Not even two weeks have gone by since Jesse Williams delivered his inspirational call to action speech at the 2016 BET Awards. In that moment, we felt strong, powerful, and energized to take active steps in stopping police brutality. But, on July 4th, we learned that an off-duty police officer killed Delrawn Smalls following a road rage incident in Brooklyn. On July 5th, we were shocked as video surfaced online showing the brutal shooting and murder of Alton Sterling, a 37 year old, father of five. We mourned his loss and saw it as another senseless murder of a black man unnecessarily killed by law enforcement. Still reeling from the death of Alton Sterling, we then had to witness the murder of another black man, Philando Castile, who was killed during a traffic stop for a broken brake light.
Protests have broken out across the country demanding justice for the slain men and for all those killed by police officers in recent years. Protestors blocked the streets in several major cities. Sadly, protests turned violent in Dallas when Micah Xavier Johnson opened fire on police officers, killing five. Needless to say, it has been a tough week with many feeling lost and dejected, realizing that the movement for equality is nowhere near getting any better.
The hip-hop community has come out in droves in response to the murders, posting their thoughts and reactions on social media:
Social media is a powerful tool and artists are able to communicate directly with their fans. However, a big critique of the millennial generation is that we spend most of our time on social media, protesting through online forums, neglecting the grunt work that it takes to make real world change. This critique extends to artists, who have been known to speak on social justice issues through social media, but fail to attend rallies, make speeches, or use their influence to positively affect change in the world.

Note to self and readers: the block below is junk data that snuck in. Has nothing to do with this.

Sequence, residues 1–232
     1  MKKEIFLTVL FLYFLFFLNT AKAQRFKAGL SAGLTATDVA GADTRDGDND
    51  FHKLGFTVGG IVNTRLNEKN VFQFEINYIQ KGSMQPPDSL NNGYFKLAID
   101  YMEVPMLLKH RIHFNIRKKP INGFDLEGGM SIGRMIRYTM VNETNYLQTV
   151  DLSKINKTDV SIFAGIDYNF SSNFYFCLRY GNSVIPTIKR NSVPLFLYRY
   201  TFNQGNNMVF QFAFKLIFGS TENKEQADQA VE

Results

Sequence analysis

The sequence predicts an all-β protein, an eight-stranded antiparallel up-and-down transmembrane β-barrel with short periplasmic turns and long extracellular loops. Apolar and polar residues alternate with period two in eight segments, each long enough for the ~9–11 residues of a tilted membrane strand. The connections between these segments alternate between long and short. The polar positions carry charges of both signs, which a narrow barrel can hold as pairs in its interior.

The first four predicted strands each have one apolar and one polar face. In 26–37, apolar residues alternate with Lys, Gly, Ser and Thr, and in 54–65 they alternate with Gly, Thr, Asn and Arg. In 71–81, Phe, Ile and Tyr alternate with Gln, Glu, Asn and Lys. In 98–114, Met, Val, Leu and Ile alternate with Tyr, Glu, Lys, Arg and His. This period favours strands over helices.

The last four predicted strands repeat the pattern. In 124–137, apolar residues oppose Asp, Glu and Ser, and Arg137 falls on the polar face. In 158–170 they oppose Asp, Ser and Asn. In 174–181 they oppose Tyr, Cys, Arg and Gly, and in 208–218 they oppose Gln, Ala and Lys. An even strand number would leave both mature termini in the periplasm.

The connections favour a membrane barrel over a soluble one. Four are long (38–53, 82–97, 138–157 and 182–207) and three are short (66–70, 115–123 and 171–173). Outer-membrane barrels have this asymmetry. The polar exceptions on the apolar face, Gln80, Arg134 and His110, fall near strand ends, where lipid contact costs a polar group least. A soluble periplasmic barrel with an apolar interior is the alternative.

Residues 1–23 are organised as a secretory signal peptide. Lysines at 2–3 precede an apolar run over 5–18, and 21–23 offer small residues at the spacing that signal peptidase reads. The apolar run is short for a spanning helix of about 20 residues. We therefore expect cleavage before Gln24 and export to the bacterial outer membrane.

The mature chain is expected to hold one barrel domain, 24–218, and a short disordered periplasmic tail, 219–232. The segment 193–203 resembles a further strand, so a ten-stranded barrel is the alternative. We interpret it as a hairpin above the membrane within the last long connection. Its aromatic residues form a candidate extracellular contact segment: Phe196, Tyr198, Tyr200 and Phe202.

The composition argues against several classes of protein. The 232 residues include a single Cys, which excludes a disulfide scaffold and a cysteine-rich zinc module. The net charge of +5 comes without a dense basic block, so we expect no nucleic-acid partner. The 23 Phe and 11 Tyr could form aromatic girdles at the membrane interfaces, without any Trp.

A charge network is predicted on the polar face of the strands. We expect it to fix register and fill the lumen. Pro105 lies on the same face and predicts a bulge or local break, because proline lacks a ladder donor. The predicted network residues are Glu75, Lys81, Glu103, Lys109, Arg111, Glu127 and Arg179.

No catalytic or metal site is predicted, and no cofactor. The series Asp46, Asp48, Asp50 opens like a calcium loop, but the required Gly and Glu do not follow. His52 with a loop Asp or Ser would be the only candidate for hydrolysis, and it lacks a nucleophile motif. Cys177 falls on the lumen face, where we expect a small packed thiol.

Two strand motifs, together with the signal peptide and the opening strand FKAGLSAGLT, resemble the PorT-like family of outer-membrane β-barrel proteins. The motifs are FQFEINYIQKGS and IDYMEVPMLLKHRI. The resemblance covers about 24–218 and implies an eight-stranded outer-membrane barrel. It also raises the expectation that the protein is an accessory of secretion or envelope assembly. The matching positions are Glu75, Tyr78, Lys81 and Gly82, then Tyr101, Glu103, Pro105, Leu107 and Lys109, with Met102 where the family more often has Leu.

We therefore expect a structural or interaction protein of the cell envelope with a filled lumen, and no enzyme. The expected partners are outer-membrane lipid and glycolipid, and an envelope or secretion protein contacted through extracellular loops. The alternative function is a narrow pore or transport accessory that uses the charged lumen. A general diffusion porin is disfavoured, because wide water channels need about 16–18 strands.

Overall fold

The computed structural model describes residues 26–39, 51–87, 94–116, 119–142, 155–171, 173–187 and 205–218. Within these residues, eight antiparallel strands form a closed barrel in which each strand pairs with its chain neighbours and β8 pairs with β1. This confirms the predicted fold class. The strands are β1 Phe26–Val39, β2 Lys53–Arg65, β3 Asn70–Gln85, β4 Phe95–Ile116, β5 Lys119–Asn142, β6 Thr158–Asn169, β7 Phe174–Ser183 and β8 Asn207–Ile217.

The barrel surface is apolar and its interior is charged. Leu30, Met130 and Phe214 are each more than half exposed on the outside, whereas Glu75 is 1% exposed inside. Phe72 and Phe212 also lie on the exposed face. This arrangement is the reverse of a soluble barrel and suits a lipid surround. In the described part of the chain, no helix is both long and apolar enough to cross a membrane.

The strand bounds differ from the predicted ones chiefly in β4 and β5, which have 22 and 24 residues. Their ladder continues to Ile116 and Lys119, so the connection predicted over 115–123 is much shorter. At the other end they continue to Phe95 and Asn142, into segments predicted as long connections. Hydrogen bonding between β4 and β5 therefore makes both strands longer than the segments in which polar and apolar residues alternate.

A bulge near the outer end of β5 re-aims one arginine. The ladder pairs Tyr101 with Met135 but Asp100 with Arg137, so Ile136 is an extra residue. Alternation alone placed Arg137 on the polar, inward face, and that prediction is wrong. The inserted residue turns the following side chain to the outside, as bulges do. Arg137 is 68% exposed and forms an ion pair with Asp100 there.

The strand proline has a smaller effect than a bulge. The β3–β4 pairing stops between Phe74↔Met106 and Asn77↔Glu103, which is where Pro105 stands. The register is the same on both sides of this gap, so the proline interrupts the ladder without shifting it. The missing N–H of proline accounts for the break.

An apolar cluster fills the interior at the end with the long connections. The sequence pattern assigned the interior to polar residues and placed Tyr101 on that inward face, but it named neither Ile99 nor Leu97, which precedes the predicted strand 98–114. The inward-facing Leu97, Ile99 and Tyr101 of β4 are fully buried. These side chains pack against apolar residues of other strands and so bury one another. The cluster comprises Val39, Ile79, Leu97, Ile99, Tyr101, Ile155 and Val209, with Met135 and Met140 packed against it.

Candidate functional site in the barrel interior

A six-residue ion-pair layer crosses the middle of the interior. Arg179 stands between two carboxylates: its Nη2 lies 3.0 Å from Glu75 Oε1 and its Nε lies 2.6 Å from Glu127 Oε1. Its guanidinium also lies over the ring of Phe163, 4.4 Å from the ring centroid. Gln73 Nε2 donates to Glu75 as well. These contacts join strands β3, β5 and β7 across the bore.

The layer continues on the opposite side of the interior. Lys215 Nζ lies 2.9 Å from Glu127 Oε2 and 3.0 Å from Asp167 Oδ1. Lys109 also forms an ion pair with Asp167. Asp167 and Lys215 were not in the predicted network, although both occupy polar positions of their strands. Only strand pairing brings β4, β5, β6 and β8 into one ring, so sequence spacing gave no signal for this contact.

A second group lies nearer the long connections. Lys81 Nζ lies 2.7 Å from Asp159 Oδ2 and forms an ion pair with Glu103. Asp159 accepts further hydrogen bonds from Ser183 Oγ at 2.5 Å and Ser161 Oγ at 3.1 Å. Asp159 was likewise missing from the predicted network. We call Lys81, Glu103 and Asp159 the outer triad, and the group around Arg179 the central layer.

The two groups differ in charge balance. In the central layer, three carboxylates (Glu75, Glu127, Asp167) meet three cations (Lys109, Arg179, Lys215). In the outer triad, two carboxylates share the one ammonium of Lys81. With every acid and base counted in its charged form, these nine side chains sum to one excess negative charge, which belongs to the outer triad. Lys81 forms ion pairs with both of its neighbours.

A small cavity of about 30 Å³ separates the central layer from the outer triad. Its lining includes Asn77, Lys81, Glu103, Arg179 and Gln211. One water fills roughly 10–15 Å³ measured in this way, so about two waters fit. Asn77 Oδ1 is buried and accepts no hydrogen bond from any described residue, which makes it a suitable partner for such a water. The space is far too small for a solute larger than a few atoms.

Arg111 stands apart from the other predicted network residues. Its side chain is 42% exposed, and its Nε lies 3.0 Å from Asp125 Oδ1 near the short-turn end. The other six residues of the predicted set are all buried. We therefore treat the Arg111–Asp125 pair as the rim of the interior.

As the faces of the black community, it is the job of artists to be in public, protesting with the average American. A lot of artists hosted and attended rallies that were held around the country. Some artists, such as Drake and Beyoncé wrote letters, addressing the recent events. However, there are still many who stand on the sidelines while people are fighting for equality. As individuals who profit from black culture, it is their duty to go above and beyond and highlight the atrocities that are occurring in the United States, not only through social media, but by attending and hosting forums and rallies against police brutality.
Our hearts and prayers extend to the citizens and the police officers who have passed away because of structural racism and the effects of police brutality. May we all do our part to improve our country because everybody deserves to feel safe in the place they call home.